St. Louis Post-Dispatch from St. Louis, Missouri on October 21, 1931 · Page 27
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St. Louis Post-Dispatch from St. Louis, Missouri · Page 27

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St. Louis, Missouri
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Wednesday, October 21, 1931
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Page 27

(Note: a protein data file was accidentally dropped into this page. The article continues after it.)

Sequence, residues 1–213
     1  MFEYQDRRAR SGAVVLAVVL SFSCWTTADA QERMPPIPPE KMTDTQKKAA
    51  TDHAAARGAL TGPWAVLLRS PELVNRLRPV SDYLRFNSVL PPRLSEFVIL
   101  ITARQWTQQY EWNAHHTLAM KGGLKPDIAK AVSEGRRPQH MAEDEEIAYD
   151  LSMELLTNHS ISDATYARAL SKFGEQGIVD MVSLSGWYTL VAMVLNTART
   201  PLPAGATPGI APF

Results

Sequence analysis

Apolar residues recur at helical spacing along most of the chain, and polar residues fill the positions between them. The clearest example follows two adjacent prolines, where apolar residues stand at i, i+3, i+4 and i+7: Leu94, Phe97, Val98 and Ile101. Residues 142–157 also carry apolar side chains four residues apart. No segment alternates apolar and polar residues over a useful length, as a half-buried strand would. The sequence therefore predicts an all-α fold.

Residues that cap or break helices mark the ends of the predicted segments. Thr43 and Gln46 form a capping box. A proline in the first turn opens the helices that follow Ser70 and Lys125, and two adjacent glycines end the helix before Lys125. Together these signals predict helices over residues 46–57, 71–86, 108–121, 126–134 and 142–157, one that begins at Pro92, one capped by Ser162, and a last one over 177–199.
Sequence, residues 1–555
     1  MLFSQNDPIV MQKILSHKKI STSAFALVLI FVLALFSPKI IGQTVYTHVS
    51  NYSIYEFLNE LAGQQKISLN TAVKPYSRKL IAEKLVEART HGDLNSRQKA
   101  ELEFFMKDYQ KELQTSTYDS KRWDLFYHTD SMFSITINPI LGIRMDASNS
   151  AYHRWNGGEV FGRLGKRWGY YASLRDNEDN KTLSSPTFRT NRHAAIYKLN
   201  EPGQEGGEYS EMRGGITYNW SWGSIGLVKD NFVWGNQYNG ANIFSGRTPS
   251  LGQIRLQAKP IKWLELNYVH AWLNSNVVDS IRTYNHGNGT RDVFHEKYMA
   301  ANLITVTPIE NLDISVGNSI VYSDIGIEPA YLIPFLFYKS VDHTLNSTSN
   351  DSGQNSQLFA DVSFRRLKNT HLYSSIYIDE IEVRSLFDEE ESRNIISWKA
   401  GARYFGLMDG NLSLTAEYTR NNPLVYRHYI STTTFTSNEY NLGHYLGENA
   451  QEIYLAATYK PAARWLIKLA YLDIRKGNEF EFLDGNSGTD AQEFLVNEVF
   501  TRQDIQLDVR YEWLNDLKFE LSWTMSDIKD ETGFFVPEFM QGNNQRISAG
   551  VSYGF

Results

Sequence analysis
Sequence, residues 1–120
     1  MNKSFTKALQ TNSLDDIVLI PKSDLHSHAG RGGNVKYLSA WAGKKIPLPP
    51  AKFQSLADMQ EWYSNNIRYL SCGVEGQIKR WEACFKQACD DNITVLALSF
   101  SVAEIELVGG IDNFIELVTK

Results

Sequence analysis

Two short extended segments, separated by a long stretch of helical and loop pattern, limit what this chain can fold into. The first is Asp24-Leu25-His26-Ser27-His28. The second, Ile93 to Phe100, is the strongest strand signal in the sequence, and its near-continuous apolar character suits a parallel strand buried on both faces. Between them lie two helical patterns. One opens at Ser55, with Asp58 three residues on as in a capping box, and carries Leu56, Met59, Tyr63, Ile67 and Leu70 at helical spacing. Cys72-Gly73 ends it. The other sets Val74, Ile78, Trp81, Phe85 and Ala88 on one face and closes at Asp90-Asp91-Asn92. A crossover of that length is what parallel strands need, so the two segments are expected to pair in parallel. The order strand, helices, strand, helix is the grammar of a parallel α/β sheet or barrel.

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,ST. LOUIS POST-DISPAlLH. .WEDNESDAY, OUTO.bEK 21, l'Jol: :bi.LUbid FOST-DlSPAiCi OARD REFUSES TO SANCTION CARNERA 55! 2SJ 1 ! 3 . r i i , 1. of if PAN! SH HEAVY IS TOO SMALL FOR ITALIAN, OFFICIALS RULE a(3 Press. v YOHK, Oct. 21. ine Jew ' " c.Ttc thletic Commission thumbs aown on a !-.t Lout between Prltno Paulino LzcuQiin on t ii i it wrrnlfl n Winning Plays' of Winning Coaches farn 'T1 ra i- j i.-r" match. i WKliam Muldoon on the i r e f-:u:re we '"'111 insist that must be well matched - as ivo',1 as in other re- ' t'arr.-ra should fight men , s'zp '.ike Victorio Campolo, v ce K in and ' Jose Santa. war.t any more step-lad-, -a'-1-.-.-. where one of the prin- a. soap uoi to rea.cn itn. I was against the c,ar-Koy natch for that -e-anJ orAy approved it against vf. j:'.crr.ent." jr-p-i and Vzcudun were , i -pr a 10-rounder at Mad-n avire Harden, Nov. 13, for - al charity sponsored by ...i F'ohman. Uzeudun. despite 'c-'ri ci fc -right, gave Primo a i ...:,-, when they met at Bar- or.tn-J as-'o. Johnston, new general for the Garden, now pers'.:ade Campolo to take r'.ac against Camera. James Rowe Jr., Twenty Grand's Trainer, Dead BALT:;ii"-r; Ort. "1. James for Mrs. Payne ree Stable, died after a two-day ; indigestion. He iKx 'Vm r 1 jlf , 4 Ab5 Ti1 ?T3Sa JJg J :W MASON Morrison, . Southern Methodist Mentor, Relates Why He Relies on the "Spinner" in Important Games. Ray Morrison, Southern Methodist University head coach, and Weldon Mason, shifty back, are shown above. Sketch shows in detail spinner play used to upset foes of the Mustangs expecting their famed aerial attack. Mason is chief ball carrier in the play. 2 4 2 v 3 Oil. lat James Rowe. at one time for Harrv : s stables, Rowe had . ampion three-year-(rrar,ii. and was pre-':':'?. a Oreentrec or the $15,000 Mary-; at Laurel racetracl: 1 - when he died -ro was his wife ani o' this city, a clOo had become ill Mon-so:i-." improvement last ;.s fhvsicians believed ! !- that he would !nrn to Laurel Satur- . T. 15 1 i i '! a n..-ue of Brooklyn. : s his widow, he is sur-two children, James III. s o:d, and Lawrence B., ' : w;:i le taken toraor-: i Bank. X. J.. Rowe'3 for the funeral. : of Yale,' Rowe fol- ; footsteps cf his father r." s won nearly every im- - ik in this country. He r-i - by turfmen as one of hor-eivien in the United v. Rowe succeeded v as trainer for the s: :;'?. He came here aco, first stopping nt ;:-.. e for the races there, h- re when the Laurel Welsh Referee to Make His Debut in St. Louis League 2 M--i OUNTRY DAY TENNIS TEAM BEATS CHAMINADE ' -f ' i .rv Day tennis team tf , ti. i one and lost one o it-.f squad from Chami- ... c ..r.!-.v afternoon on the " 1 The No. 1 dou- ' . v. een Barack and f ; . .ry j-,a. and o'Hart ... ...... - if C: aminade was callei : ' " (' 'lirkness after Bl-- ; :-.rr.r v on the first sot, - tV.e second by the :. b-i-.-. defeated O'Hart, "defeated He f fern, '.: - ' . - rjv. defeated Corrigan. iu-. r'oimtry Day. de- ;.'.acy, Chaniinace, MBERTS WILL BOWL ALL-STARS TOMORROW ' - match between rts and the v..U be held to- at Teterson's al-is the captain re members of the league last year, !:-( won the high had the high This will be ranee in an im-i:'ce his victories of Chicago and oit in home-and- TOM THOMAS, formerly a member of the Welsh Referee's Association, who has been working in soccer games in Gillespie, 111., will make his debut as an official in the St. Louis League Sunday, when he officiates in the opening game of the doubleheader at Sportsman's Park. Thomas, last Sunday, handled the cup match in which Gillespie defeated Koy-alton, 4 goals to 2. Thomas will referee the game between the Andersons and Stix, Baer & Fullers,' while Len Zarschel is down to handle the second battle between Kav-' anautrh's Coca-Colas anrl Ron Millers. IS Municipal and Pro Soccer Games Scheduled Here Sunday; Two Playing Rules Changed .By Herman Wecke. With the soccer season on in full blast, next Sunday, when both professional and Municipal League elevens will see action In 18 games, it might not be amiss to call attention to at least two Im portant rule changes, which have been made during the off-season One of these is on the throw-in, while the other regards the "goalies." In previous seasons, when there has been a foul throw-in, the opposing side has been awarded a free kick. This, however, has been changed. This year, on all fouls committed on throw-ins, the enemy team is awarded a throw-in and not a free kick. In the past, goalkeepers have been permitted to tak$ but two steps before being forced to clear, when in possession of the ball. Under the change in effect this season, the "goalie" can take four steps. The handling of the ball in this manner by the goalkeeper is termed as "carrying" and in the instructions to officials in the Referee's Chart, the following is found: Penalty After Four Steps. "The goalkeeper must not "walk about' bouncing the ball on his hand. After the FOURTH step he must be penalized. If the goalkeeper handles the ball outside hi3 own penalty area he is committing a breach. For 'carrying' the ball the penalty is a free kick and not a penalty kick." The "goalie" can still be charged as a section of rule S reads as follows: "The goalkeeper shall not be charged except when he is holding the ball or obstructing an opponent, or when he has passed outside the goal area." The rule on the throw-In, which is in use this season, reads as follows: "When the ball Is in touch, a player of the opposite side to that which played it out shall throw it in from the point on the touchline where it left the field of play. The player throwing the ball must stand with both feet on the ground outside the touchline, facing the field of play, and shall throw the tall over his head with both hands in any direction, and it shall be in play when thrown in. IN THE EVENT OP AN INFRINGEMENT OF THE FOREGOING THE THROW-IN SHALL REVERT TO THE OPFOSITE SIDE. A. goal shall not be scored from a throw- in. and the player shall not again play until the ball has beeji played bv another player. INFRINGE MENT OF THIS PORTION OF By Ray Morrison. (Head Football Coacli, Southern Methodist University.) By the Associated Press. DALLAS, Tex., Oct. 21. My Southern Methodist University Mustangs are using the spin play again this season. We have used this play for several years because It has al ways been especially effective against a six-man line that most teams use against my team because of our passing threat. Hubert Walling was the first and one of the best backs r had on this play. He was with my teams of 1922. 1B23 and 1924. He wasn't ex ceedingly fast, but had powerful legs and usually gained from seven to 12 yards. This was what we called in those days, our perfect play. . , Since Walling's time we haven't used it so often because our con ference teams concentrated on a. powerful defense for it. But with fast, shifty man in the spinner position, we have made some very long and timely gains in our mo3t recent games. In the University of Texas game. in which we trailed for three quarters and finally won, 21 to 14. Ger ald Mann, now a law student at Harvard, made our first touchdown of that game from Texas' 18 -yard line on the spinner. In our 1927 game against Mis souri, the first time Mann ran the play, he scored a touchdown from Missouri's 30-yard line. Walling spun on his outside foot while Mann merely twisted his body, leaving his feet in their orig inal position until he had to start a forward step. Then he unwound his legs and was usually on his way. I have great confidence in this play in spite of the defensive sys terns that have been built against it. It has deceptions and works in beautifully with our constant aerial threat. - - Weldon Mason, a speedy, shifty backfield star, probably will be my best man on the spinner position this year on this particular play. FLORIDA VOTERS FAVOR LEGALIZED RACING MEETS By the Associated Press. MIAMI. Fla., Oct. 21. Florida's new law legalizing dog and horse racing with pari-mutuel betting by local option, apparently was ratified by wide margins In three county referendum yesterday. Incomplete returns showed racing favored for six tracks In Dade County, two in Palm Beach and one in Clay Countl, outside, of Jacksonville. Several other counties have proposed racing plants but referen-dums will be held at later dates. The Rev. C. W. Duke, pastor of the First Baptist Church of Tampa, announced that injunctions would be sought to prevent operations of tracks, in any counties where the law is ratified. With 51 out of 73 precincts In Dade County tabulated, the ballot showed: Miami Jockey Club, located at Hialeah and operated for several years, 9400 for. 8 60 against. Miami Beach Jocke. Club, pro posed to be constructed by Joseph M. Smoot, who built the Hialeah track. 4670 for and 2302 against. Gables Racing Association, un der construction at Coral Gables by Frank J. Bruen. former man ager of the Hialeah track, 5175 for and 2668 against. Blscayne Kennel Club, 11,239 for and 1169 against. Miami Beach Kennel Club, 7459 for and 930 against. West Flagler Kennel Club, 5486 for and 3555 against. At Palm Beach the Belvedere Jockey Club and Pa' Beach Grey hound Association were voted upon. The tabulated vote showed the tracks carrying by a ratio of about 4 to 1. In Clay County, the single dog track located at Orange Park eight miles from Jacksonville, had a vote of 653 for and 233 against with three small precincts miss ing. C. B. C. TENNIS TEAM LOSES TO ST. LOUIS UNIVERSITY HIGH, 3-2 St. Louis University High School defeated Christian Brothers' College in a Preparatory League tennis match on the C. B. C. courts yes terday, 3 to 2. In the singles, Ja cobsmeyer of St. Louis defeated Kriegshauser, 6 2, 6 2, and Renard of St. Louis won from Me Donald. 6 2. 3 6, 6 1. Richter of C. B. C. downed Guenther. 6 0 S 6. In the doubles. Jacobsmeyer and Messmer, St. Louis, defeated Hacker and Gallagher, 6 1, 6 3 and Tracy and Gugenbuehler of C. B. C. won from Hoffman and Martin. 6 1, 4 6, 6 2. With the tennis season drawing to a close McBride, is undefeated, St. Louis is second. Western Military Academy, third, and C. B. C. last. C4 What's Wrong With This Picture. If all the pupils in the Chicago public schools would bring teacher the traditional bier red annle it might help. An apple a day keeps Hunger away. -UTninA i . CI "hauu icaciiers, ,:o iney say. Have been so long without With hunger they are fainting: The while machine guns spit and bark. While gangsters out upon a lark. Lright red the town are painting, Too True. Of course, when one of the boys gets in a jam there is millions for the defense butnot one cent for the school teachers. THE LAW SHALL BE PENALIZED BY A FREE KICK BEING AWARDED THE OPPOSITE SIDE." Big Help to Referee. Referees in England apparently have found a way of giving the goal better protection on corner kicks. When a corner is awarded, the referee stands next to the goal closest to the kicker. However, he brings the sidelinesman from the opposite side of the field to a position on the other end of the goal. In this manner ' the entire goal area is protected and in addition it is a lot easier to detect fouls. Under the laws, the linesman can call the attention of the referee to fouls, which have been missed by the referee. It mirht not be a bad idea for referees in St. Louis to get this added protection of the goal area on corner kicks. It is certainly worthy of a trial. Next Sunday there will be 18 games in St. Louis, two in the professional league and 16 to open the campaign for the Municipal Athletic Association championship. STREET FEARS HAINES MAY NOT PITCH AGAIN By the Associated Press. CARTHAGE, Mo., Oct. 21. "Gabby" Street. Cardinal pilot, speaking at a dinner in his honor here last night, expressed fear that Jess Haines, veteran ace of the St. Louis staff, would never be able to pitch again because of the arm Injury he suffered toward the close of the season. E. B. Roach, editor of the Carth age Democrat and a cousin of Connie Mack, presided at the din ner during which Street was made an honorary life member of the Carthage Chamber of Commerce. Asked about the prospects of the Cardinals next year, the manager said: "They couldn't stop us in 1931 and I don't see how they are going to do so next season." Jim Conzelman Will Coach Pro Battery Eleven With Jimmy Conzelman as coach, the Battery A professional football team is practicing night! for their opening game at Publi Schools Stadium, next Sunday aft ernoon. Tho Peoria pro team composed of Bradley Tech. Knox and Iowa State stars, will provide the opposition. Conzelman, one of the most color ful athletes ever developed In St. Louis, starred at Washington University, on the Great Lakes war-team and, for several years, on teams in the National Professional League. Thus far. 21 players have been signed to Battery contracts, some of the stars being Ted Saussele. Washirton's brilliant back of last ear; Ieo Schneider, a tackle from Cornell University, and Hardin Walsh, a halfback from Texas A. & M. "Turfmen Seek Longrr Races." The man on the feedbox says it takes 'em too long to come in now. A short horse is soon curried, but we'd all rather clean up on a long shot- Carey Selph, drafted by the White Sox, says he will play in Houston and nowhere else. Indi eating that Carey knows how to take care of himselph. Ball players have been known to protest against being sold down the river, but few have declined passage on a steamer going up. Another example of the uncertainties of baseball. One the other hand. Carey might think that a transfer from a championship team to a tail-ender isn't so hot. The Desert House in Shaw's Gar den had to be closed to the public on account of vandals getting so stuck on them they wouldn't leave the cactus alone. How sharper than a desert cactus Are guys who vandalism prac tice? 50 GOLF STARS DUE TO PLAY IN ST. LOUIS OPEN At least 50 golfers have signified their intention of participating in the annual St. Louis open golf championship Friday at the Midland Valley Country Club. It will be a one-day tournament with 36 holes of medal play. The $10,000 open which was held last year and which was won by Tommy Armour over the Sunset Hills course, proved such a financial failure that local officials decided to abandon the added attraction. The amount and number of the prizes this year will be contingent upon the entry list. The field will not lack local celebrities, since Bryan Winter, North Hills, district and State champion, will head the amateur competitors. Into this classification fall Jimmy Manion of Normandie, Chester O'Brien. Westborough. and Bill Medart and Chick Irwin of North Hills, considered the leading amateurs of the district. While the professionals are not so great in number as the amateurs. the fact that the pros have had a successful season in winning the monthly handicap tournaments makes them favorites to win the open. The Schwartz brothers of Midland Valley. Bill and Francis. are expected to offer a great deal of competition, along with Clarke Morse. Normandie sharpshooter. Johnny Manion, Sunset: Clar ence Coff. Westborough, and Wal ter Kossman, St. Clair, are a trio of professionals who also are dan gerous competitors. Entry blanks for the tournament may be sent to John Manion, to Midland Valley, to Sunset Hills, or to Sidney Salamon. 1506 Ambassa dor Building. Any professional or amateur within a 100-mile radius of St. Louis is eligible. I , LAST NIGHT'S FIGHTS Bv th" Asvin'v1 Press. INDIANAPOLIS. Jarkle Brt&r. flyra- rav. . V.. knorked eat Duke 'IramiurL, tort Worth. Trx. S. M1NNKAFOI.IS. Mnxle Rnwnbloom. New York, kiwrknl oot Dirk Daniel. Minneapolis Paul Wanilry. Minneapolis. knM-ked out Eddy Smith, thiraen (."). OAK H1LU W. Va. Bobby irant. Charleston W. Va.. stopped Kid Johnson, k nnrvill, T.nn 4I1 PORTLAND. Ore. tonne .-Nationalist. Manila, outpointed l.rnie Peters. Ihl- eaito 19. . .SEATTLE. iu nonnefioenc. vr. rv-ton. defeated Steve Savasje. SOO, lilmieo. In straight falls. (fifth round and sinh round. Hans Kampf er to Meet Zaharias On Arena Card .0 ; All Stars. Pat Spencer. Ken Cohen. OUo Sum Jr. l-e Martin, iiuy Jiolmes. Bchnen Defeats Stein. will continue his mst the leading lo-altf-rnoon when he r.son of the Grand- t;ion at 1 o'clock bowling alleys "1 le rolled, tirt match yester-i t.cn. who substl-Metzlcr. Behnen handicap, which v. m, as he . rolled - t nst Stein's 1237. t only six games. Pointer Dog Wins U. S. Trial Event BUFFALO, N. Y., Oct. 21. In a masterful exhibition of bird dog performance. Village Boy. white and liver pointer dog, owned by H. K. Crandall of Athens. Pa., handled by Glenn Davis ot Linvuie, -s. c. won .the national pheasant dog championship open to pointers and setters of the world. Seventeen dogs competed in this classic, which means as much to owners of pheasant dogs as the national championship at Grand June tion, Tenn.. does to owners of rjuail dogs. It was a classy field and the winner rightly earned his title of pheasant dog champion of America. His work on this wily alien bird was spectacular and flawless; his pace and range all to be desired. Coming up close behind was Bright-hurst Mary Proctor, owned by W. M. Eberhardt of Buffalo, and trailing these were Schoolfield. owned by Capt. Ambrose Gaines of Knox-ville, Tenn., last year's champion: Nepken Carolina Bill, frequent winner of pheasant trials, and many other noted ones. WRESTLING RESULTS the Associated Press. "NEW YORK Kar Steele. 215. Califor. nlu. threw Benny (.innhuru. '-MO, ChieaKO. JH:37: Herbie trreman, S.O. ew lurK, threw Steve Znoky. Poland. 30:li: lr. Ka Dh Wilson. -,'()(. rhitaueiunia threw Anilv Zaharotf. v:l.. Russia. 'J'-:.il Kenato (.arclinl. ro. Italj. tnrew nou Miridlekoff. 03. Florida. 16:53: George (alza. 218. Italy, threw John Podubbnj. ''111. KlllA- I M ! 'EW HAVEN. 'nn. John Mavos. 205. r.reere. threw Sandor Szabo. 204. Hun. nr?. 4:02: Earl McCready. 2'-i(i. Okla homa, threw Don Delaun. 220, Canada. J5:37; Dirk Daviseourt. 225. California, threw Otto Iiozans. 223, Poland. 4:12: Vunra Zelesniak. 230. Russia, threw lieorse Hills. 212. Wisconsin. 29:22. Hockey Star Signs. CHICAGO, Oct. 21. Leo Carbol, defense star with the Minneapolis club last season, today was signed by the Chicago Shamrocks of the American Hockey League. MONUMENTS WILL BE BUILT AT GRAVES OF TWO PACING HORSES Bv the AwiatP'1 Press. CLEVELAND, O.. Oct. I'l. iwo monuments, costing $450, will grace the graves of two great pacers be side the oval at North Randan track. They are to be In memory of Grace and Lillian R., pensioned by Captain David A. Shaw when he died six years ago. Probate Court permission was granted yesterday for the expenditure from a $250,- 000 trust set up by "Cap n Dave for furtherance of his- stable. Only three harness horses Prince Loree, Feter Mac and Joan still survive of the once-great pensioned string for which Captain Shaw built a beautiful $14,000 stable before his death. HASKELL AGREES TO PLAY CHARITY GAME By the Associated Press. LAWRENCE Kan., Oct. 21. The Haskell Indians have accepted an invitation from the Disabled Veterans of America to play an Inter-sectional charity game Nov. 21 at Soldier Field. Chicago. Their, opponents probably will be named at a conference today in Chicago between the veterans' officials and F. W. McDonald, Haskell athletic director. Oglethorpe University of Atlanta, Ga., has been mentioned for the game. Crippled Drake Eleven Departs To Meet Fordham DES MOINES la.. Oct. 21. Drake's football squad entrained today for the Fordham game at New York Saturday. Twenty-six Bulldogs are making the trip. The squad wound up its brief se rles of practices last night with Harold McMichael, halfback, doing duty at the center position for AI Robertson, who is nursing an in lured leg. Olson, guard, replaced Milton Kokjohn, veteran tackle and Marcy Baker, sophomore, went in at guard. Kokjohn was relegat ed to the second team. Creighton. with one win and one loss to its credit in the Missouri Valley Conference, is practicing long and hard for the game with Tulsa University at Tulsa Saturday, Collin. Creighton's halfback star, was absent from the lineup yester day. " He has a bad ankle. Oklahoma A. and M., likewise has a crippled list. Curtln and Peddy. Haskell casualties, were on the sidelines yesterday as the squad prepared for the clash with Okla homa City's unbeaten Gold Bugs. Arms and the Man. See where the Winchester Arms Co. was bought by the Western Cartridge Co. of Alton. What you would call a merger combining the best features of both. That's bringing the war Right up to our door. However, if China and Japan iron out their differences and Al Capone gets a stretch of five or six years it isn't going to be so good for the gun and ca'tridge people. "Man Sought as Burglar Found in City Jail." Looks like an inside job. So Quaint. Stop me if you've heard this one Up in Chicago, while one gangster is telling a guy a Joke another one shoots him in the head five times He simply dies laughing. "Killing After Trading Wives." Indicating that somebody got gyped. Some Semester. Two Indiana bank robbers got 35 years in the reformatory. Now will you be good? Eugene A. C. Is Winner. The Eugene A. C. a member of the Carondelet Division of the Municipal Soccer League, defeated the Gebkens, 3 to 0, in a practice game at Concordia Park last Sunday Outside forwards desiring tryouts should communicate with George E. Stelmach. 7210 Eugene avenue. or phone Riverside 9421. Hans Kampfer, German heavy weight wrestler, who has appeared in seven local engagements within the last few months, losing only to Jimmy Londos, will meet George Zaharias, Colorado Greek, in a one-fall finish match at The Arena, Oct. 29. The bout was announced today by Promoter Tom Tacks as tne main event of a program he Is sponsoring for the Veterans' Wel fare Association in that organiza tion's drive for a $50,000 relief fund. The Veterans' organization will share in the receipts of the show and will co-operate with Packs in the sale cf tickets through a committee headed by Charles E. Downs of the Fred W. Stockham American Legion Post. - Kampfer numbers Rudy Dusek of Omaha, and Joe "Toots" Mondt of Colorado, among the grapplers he defeated in local engagements prior to his match with London. The German heavyweight pinned Dusek in 26 minut K and disposed of Mondt in 12 minutes. He also defeated Indian Jim Clinkstock. Don De Laun and Ivan Vacturoff here. Zaharias, a brawny, aggressive grappler, who has figured in some of the most spectacular engagements local fans have witnessed in the last year, has been credited with 17 victories in 26 St. Louis bouts, four of his matches ending in draw decisions. Kampfer has been here for several days and is preparing to start training today for the Arena match. The German has again engaged the veteran Jack Rolfer to serve as his chief training partner. KANSAS AND AGGIES TO PLAY CHARITY GAMES By the Associated Press. TOPEKA. Kan., Oct. 21. Gov. Harry H. Woodring expressed belief yesterday the University of Kansas State College should meet Wahsburn College and Wichita University, respectively, in football games this fall at Topeka, and Wichita for the benefit of the unemployed. Gov. Woodring believes his proposal would bring together four of the State's leading football teams in two cities where the largest crowds probably would attend. The Governor also believes if the games are to be played for charity." 95 per cent of the proceeds should go to that purpose, without the expenditure of money for watches and other awards for the players. Sf ? DO YOU NEED HERE ARE THREE WAYS TO . BORROW IT . Co-maker Loans Secured by your signature and those of two relatives or friends Collateral Loans Secured by readily marketable bonds or stocks, or by savings accounts Automobile Loans Secured by mortgages on late-model automobiles AT LOW RATES INDUSTRIAL LOAN COMPANY 710 CHESTNUT STREET BRANCHES I486 Hodlamont Avenue 3548 South Grand Boulevard Nugents. Broadway and Washington Avenue Affiliated with INDUSTRIAL SAVINGS TRUST COMPANY EL PI UCT The same quality: But a size for every taste FUr' tQ na&iw 2 for 25e Generous shapes for the man who likes a big, full smoke conservative shapes for the man who smokes steadily ' and an up-to-the-minute shape for the man 'who wants the last word in mildness, without sacrificing any character. A shape for every taste but all the same quality richly mild, yet sparkling in distinctive character to give real enjoyment to every lover of a fine, comfortable smoke. Pick the size that suits you 10c to 25c WHAT SIZE PLEASE? jfor real enjoyment Distributor: WM. A. STICKNEY CIGAR CO. 1109 Locust St. MAin 3840 St. Louis, Mo. c. m. . eiGAt co , t.. .; .